August 7, 2014
Albany, NY

Backyard Beekeeping Is Buzzing in New York

Backyard Beekeeping Is Buzzing in New York
Growing Number of Beekeepers Joining this Hobby, which Helps New York Agriculture State Encourages Hobbyists to Join Local Beekeeper Clubs

State Agriculture Commissioner Richard A. Ball and State Apiculturist Paul Cappy today encouraged new beekeepers to join one of 20 different beekeeping clubs across New York State.  These clubs provide new beekeepers with ways to increase production and enable many to join the ranks as full-time beekeepers.  Backyard beekeeping has exploded in recent years in New York State, with at least 1,600 new beekeepers joining the ranks of local beekeeping clubs over the last five years.  In addition, most beekeeping clubs have doubled in size in New York over that same time period.  

“I cannot stress enough the importance of honey bees to New York agriculture,” said Commissioner Ball.  “I rely on them on my own farm as do thousands of other farmers across the state.  While diseases are a threat to these hard working insects, the good news is that bees are a renewable resource and the significant rise in backyard beekeepers in recent years is helping plants and honey bees to remain productive across New York.”

“Beekeeping clubs help our growing hobbyists make the most out of their hobby,” said Paul Cappy.  “The growing number of new beekeepers can gain practical experience and new knowledge about beekeeping by working with experienced hands in 20 different clubs across the state.” 

In 2013, there were more than 55,500 apiaries with five or more colonies in New York that produced over 2.6 million pounds of honey.  This is down from 2003, when there were 67,000 apiaries with five or more colonies producing more than 4.8 million pounds.  The value of honey continues to rise.  Honey was $1.36 per pound wholesale in 2003 while it was $1.99 in 2013. 

Most people start the hobby of beekeeping because they want honey bees to pollinate the crops in their area.  This includes flowers, vegetable gardens, apple orchards, as well as nuts and berries to feed wildlife.  These new beekeepers are contributing to the environment and positively impacting the loss of honey bee colonies from Colony Collapse Disorder, which has been detrimental to the pollinators across the U.S. for a number of years.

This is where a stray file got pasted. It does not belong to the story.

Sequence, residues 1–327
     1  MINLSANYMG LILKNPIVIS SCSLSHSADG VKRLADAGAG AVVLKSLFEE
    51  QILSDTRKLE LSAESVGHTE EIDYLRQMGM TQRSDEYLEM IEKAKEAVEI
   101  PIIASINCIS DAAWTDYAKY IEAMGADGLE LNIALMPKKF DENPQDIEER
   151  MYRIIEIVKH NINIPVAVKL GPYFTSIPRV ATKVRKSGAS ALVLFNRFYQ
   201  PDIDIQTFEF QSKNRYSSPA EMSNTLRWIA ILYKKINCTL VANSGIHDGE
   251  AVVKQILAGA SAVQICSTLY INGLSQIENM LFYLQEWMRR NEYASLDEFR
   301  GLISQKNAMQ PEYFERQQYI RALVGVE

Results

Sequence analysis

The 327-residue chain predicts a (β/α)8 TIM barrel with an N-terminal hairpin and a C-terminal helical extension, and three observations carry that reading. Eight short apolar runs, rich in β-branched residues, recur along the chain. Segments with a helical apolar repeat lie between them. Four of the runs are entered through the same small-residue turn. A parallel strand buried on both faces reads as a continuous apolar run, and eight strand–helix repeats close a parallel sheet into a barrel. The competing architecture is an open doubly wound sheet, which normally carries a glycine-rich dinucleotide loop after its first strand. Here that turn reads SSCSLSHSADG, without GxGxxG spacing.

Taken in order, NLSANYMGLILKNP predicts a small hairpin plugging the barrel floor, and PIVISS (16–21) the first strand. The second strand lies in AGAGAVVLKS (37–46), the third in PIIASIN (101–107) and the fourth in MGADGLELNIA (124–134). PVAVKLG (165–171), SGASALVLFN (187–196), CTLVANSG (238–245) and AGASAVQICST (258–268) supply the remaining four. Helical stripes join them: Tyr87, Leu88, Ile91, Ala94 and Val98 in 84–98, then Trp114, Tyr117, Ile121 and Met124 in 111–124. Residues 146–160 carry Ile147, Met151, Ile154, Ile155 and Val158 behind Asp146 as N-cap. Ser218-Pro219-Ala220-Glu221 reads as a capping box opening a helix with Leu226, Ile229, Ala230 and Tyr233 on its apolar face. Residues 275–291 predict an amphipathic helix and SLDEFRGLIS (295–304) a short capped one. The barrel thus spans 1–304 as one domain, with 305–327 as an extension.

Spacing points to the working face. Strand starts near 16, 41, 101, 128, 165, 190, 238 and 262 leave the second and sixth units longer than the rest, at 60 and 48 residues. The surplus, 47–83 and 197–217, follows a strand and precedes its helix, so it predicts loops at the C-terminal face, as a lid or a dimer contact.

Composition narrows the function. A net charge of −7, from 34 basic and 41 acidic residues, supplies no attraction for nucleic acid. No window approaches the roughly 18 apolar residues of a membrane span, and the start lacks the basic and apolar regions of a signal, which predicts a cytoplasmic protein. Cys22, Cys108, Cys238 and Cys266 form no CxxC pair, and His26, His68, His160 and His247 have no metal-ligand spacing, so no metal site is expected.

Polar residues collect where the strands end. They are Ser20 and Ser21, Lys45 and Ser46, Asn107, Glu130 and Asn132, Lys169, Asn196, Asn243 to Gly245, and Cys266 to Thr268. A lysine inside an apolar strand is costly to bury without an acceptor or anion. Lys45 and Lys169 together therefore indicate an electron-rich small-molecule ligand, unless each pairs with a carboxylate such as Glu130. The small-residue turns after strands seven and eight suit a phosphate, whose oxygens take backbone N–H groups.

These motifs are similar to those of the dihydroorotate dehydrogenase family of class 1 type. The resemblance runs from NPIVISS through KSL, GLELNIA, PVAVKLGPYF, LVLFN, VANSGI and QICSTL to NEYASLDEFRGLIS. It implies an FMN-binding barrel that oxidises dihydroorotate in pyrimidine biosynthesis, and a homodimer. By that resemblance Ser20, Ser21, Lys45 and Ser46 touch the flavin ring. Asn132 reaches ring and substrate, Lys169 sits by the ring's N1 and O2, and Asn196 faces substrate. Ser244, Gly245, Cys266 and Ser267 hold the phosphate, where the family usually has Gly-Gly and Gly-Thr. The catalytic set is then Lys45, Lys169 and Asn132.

Most commercial beekeepers start keeping colonies of bees as backyard beekeepers.  This normal progression helps the state acquire permanent new beekeepers to help agriculture.  The majority of beekeeper trainings that occur in clubs are done by more experienced club members.  Experienced beekeeper club members act as mentors for the new beekeepers, providing the best chance for new hobbyists to be successful in keeping honey bees, the result being more permanent beekeepers in the New York honey bee industry. 

Honey bees play a vital role in New York State's agriculture economy. Each year thousands of bee colonies are used throughout the State to pollinate more than $500 million worth of agricultural crops such as fruits like apples, and vegetables that include squash, cucumbers and pumpkins. And, while New York State is home to many thousands of these bee colonies, additional colonies are shipped in from other regions of the country. It is through the movement of bee colonies throughout the United States that potential problems could arise if proper monitoring and inspections are not performed by the states that have apiary inspection programs.

The Department of Agriculture and Markets - Division of Plant Industry - has broad authority to investigate and eradicate bee pests and diseases and to control the movement of bees into and out of the state. It is the Division's responsibility to ensure honey bee health through inspection and certification, as well as through education and outreach to beekeepers. 

Cornell University's Master Beekeeper website is an excellent source of information on a wide variety bee issues.

To find a local beekeeping club, please visit: